The World Health Organization (WHO) is considering drafting a treaty on how to respond to future pandemics. Here's the WHO pandemic treaty, explained.
What is the pandemic treaty?
WHO has several items on its agenda for the 75th World Health Assembly from May 22 to 28. One is the possible draft of a pandemic treaty or accord. According to WHO, this agreement would dictate how countries respond to pandemics.
In 2021, WHO developed an Intergovernal Negotiating Body with representatives from each region of the world that would "draft and negotiate a WHO convention, agreement, or other international instruments on pandemic prevention, preparedness and response." If agreed upon, the treaty would have the ability to enforce detection, outbreak, and prevention rules as necessary, and guarantee access to outbreak countermeasures.
WHO states that countries that sign this agreement wouldn't have their sovereignty taken away, and each government would be responsible for enforcing whatever rules and regulations are deemed necessary. A report on the matter is expected to be delivered at the 76th World Health Assembly in 2023, and the outcome at the 77th World Health Assembly in 2024.
The debate over the pandemic treaty and conspiracy theories
Suspicions about WHO are beginning to take root among U.S. citizens and even political figures. What do people believe the pandemic treaty will do?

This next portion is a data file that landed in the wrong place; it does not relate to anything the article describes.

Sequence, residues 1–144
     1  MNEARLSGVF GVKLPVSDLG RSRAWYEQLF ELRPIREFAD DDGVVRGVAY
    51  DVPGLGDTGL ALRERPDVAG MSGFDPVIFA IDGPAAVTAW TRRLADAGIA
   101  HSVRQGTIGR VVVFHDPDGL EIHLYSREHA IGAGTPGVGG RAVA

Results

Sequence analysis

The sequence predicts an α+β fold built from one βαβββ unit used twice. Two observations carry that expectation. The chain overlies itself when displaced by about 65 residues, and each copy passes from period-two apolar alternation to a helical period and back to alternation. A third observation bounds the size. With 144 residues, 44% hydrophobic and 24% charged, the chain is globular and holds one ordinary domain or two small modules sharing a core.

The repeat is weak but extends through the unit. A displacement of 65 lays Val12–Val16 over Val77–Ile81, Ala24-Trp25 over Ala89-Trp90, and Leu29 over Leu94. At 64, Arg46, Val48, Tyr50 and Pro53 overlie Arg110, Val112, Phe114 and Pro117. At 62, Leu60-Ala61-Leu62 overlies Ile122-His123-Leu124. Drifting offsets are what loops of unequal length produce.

Florida senator Marco Rubio tweeted, "We must never allow Biden to use a "Pandemic Treaty" to give control over American public health decisions to the corrupt @WHO." Ronny Jackson, congressman for Texas, also tweeted, "The WHO Pandemic Treaty MUST be stopped. We cannot allow our national sovereignty to be SURRENDERED to America's Last UN bureaucrats. Say NO to the Pandemic Treaty."
Arizona representative Paul Gosar didn't mince words on the issue, either, stating that Americans should be prioritizing their sovereignty and not focused on a "cabal trying to take everything away from us." Many of these tweets were met with mixed responses. Whereas some felt that these leaders had a right to be concerned about the treaty, others felt WHO is better positioned to deal with pandemic issues than the state leaders (who forced people to continue working during the COVID-19 pandemic).
Some people who responded to Rubio's stance thought he was being hypocritical: whereas his claimed focus is protecting the people's rights, he has also voted against things like access to baby formula and the child tax credit. Fact checkers have debunked the claim that the treaty will infringe on rights.